Summary extract of Speech by Jack Bloom MPL in debate on the Gauteng Premier’s State of the Province address on 26 February 2015:
Madam Speaker, the Honourable Premier spoke on his Ten Pillars of radical Transformation, Modernisation and Re-industrialisation, which he calls TMR for short.
When I was at university TM stood for Transcendental Meditation, so I wondered if TMR was an updated version.
Transcendental Meditation is all in the mind, which made me also wonder if the Honourable Premier is living in the same province as the rest of us.
This provincial government has a long history of failed promises, which is why it would be radical indeed if new promises were actually kept.
The truth is that we live in a dynamic province with dynamic people, which is why we have made welcome strides over the last 20 years.
But when it comes to the public sector, we see failure, waste and corruption that is a huge drain on what we are capable of achieving.
The Premier mentions huge building projects, but the only ones that are likely to be done in time and within budget are the private sector ones.
This provincial government is incapable of building anything in a cost-effective way that is anywhere near scheduled deadlines.
It’s not just big projects like the Jabulani and Natalspruit hospitals – a failed contractor has been paid R14.2 million for a half-built clinic in Randfontein.
The Premier praises Natalspruit as the hospital of the future, an exemplar of modernised health care.
He should do an unannounced visit there and he’ll find that many patients say they preferred the old hospital because it had shorter queues.
They have to re-register on the electronic system every time they come because it does not record their previous details.
The hospital is not too clean either and staff are leaving in droves. It’s really a great disappointment.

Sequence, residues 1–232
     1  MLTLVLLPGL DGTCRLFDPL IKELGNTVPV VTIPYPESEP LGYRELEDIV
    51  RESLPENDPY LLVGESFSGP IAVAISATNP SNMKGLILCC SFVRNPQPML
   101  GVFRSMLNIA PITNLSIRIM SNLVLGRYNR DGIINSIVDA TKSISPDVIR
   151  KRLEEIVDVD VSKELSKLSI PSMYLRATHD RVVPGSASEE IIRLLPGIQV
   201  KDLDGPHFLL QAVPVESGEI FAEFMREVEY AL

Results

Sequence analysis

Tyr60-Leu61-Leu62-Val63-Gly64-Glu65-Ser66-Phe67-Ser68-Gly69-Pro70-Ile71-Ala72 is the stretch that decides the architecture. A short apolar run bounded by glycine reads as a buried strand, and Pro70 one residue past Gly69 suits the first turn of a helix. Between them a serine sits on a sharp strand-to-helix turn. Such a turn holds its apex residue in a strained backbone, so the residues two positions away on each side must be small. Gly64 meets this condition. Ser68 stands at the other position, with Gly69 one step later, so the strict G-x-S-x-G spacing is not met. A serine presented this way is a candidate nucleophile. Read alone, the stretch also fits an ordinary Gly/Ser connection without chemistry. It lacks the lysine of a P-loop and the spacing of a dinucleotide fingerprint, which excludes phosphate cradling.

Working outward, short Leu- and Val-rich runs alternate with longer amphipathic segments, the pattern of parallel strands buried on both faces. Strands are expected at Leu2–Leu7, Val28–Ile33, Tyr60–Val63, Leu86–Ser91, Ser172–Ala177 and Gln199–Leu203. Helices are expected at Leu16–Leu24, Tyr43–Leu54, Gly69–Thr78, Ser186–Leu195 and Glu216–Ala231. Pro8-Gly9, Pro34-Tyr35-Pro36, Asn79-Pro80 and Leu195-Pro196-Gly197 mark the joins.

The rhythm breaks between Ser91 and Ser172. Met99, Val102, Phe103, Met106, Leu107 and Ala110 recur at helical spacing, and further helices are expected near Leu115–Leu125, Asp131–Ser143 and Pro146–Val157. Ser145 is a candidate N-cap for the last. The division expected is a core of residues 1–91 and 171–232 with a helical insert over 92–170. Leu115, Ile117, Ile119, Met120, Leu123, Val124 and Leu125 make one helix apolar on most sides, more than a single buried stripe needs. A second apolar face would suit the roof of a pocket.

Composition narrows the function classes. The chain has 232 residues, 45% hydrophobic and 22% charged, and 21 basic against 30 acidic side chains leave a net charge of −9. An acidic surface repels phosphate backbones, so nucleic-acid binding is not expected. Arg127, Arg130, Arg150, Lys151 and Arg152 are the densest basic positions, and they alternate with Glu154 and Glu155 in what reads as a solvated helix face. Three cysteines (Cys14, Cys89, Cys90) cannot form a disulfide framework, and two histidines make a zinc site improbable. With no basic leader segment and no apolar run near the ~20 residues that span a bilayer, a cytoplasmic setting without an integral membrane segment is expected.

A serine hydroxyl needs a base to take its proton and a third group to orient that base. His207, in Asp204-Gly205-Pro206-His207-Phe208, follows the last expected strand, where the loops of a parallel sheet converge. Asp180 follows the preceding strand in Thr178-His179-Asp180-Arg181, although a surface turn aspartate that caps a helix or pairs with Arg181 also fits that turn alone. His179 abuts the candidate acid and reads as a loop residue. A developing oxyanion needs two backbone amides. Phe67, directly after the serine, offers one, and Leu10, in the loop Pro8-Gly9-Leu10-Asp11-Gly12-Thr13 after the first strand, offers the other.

This department which has still not recovered from the rampant corruption that erupted when Honourable Member Brian Hlongwa took over as Health MEC.
The reason we still have paper files is that according to court documents, the health information contract was allegedly corruptly awarded in 2008. This R1.2 billion contract was cancelled but the department could not award a new contract because the Baoki Consortium was claiming damages for the cancellation.
The Boaki Consortium has now surrendered this claim because they concede that they cannot defend themselves against evidence that one of their senior directors, Mr Hans Smidek, bought Honourable Member Brian Hlongwa’s house for R4.6 million to assist him in buying a new house for R7.2 million.
This is part of a host of allegations about a “generally corrupt relationship” between former MEC Hlongwa and the 3P Consortium that was first supposed to “turn-around” the department.
We still hear about the turn-around in this department. The Premier says there is good progress and that the department will be out of administration by May this year.
But the Big C problem will remain. As observed by Reverend Frank Chikane, who was Director General of the Presidency under Thabo Mbeki: “Every tender and contract under an ANC government is designed to make someone in the ANC rich.”
The truth is that so long as there is corruption, cronyism and cadre deployment, there will be government failure and the people will suffer.
The criminal justice system is so slow that we still do not have accountability for the period when the Gauteng Health Department plunged into disaster.
The Honourable Premier is on record as saying at the ANC’s 2012 Policy Conference that stepping aside doesn’t mean a person is guilty, but no-one should “hide behind” the argument that they are innocent until proven guilty, and thereby worsen the “troubled image” of the party.
Honourable Premier, you weren’t the premier then, but you are now, and you will have a “troubled image” so long as Honourable Member Hlongwa is still an official representative of your party.
You are the lead figure in your party’s provincial leadership. You can show a decisive break with the past by ensuring that he is no longer a prominent representative of your party.
Honourable Premier, I think you should meditate on this.
This is a test case. The more you delay, the more you must expect scepticism that the real reason you cannot get rid of the rot is because it is entrenched in the way your party operates.
The choice is yours.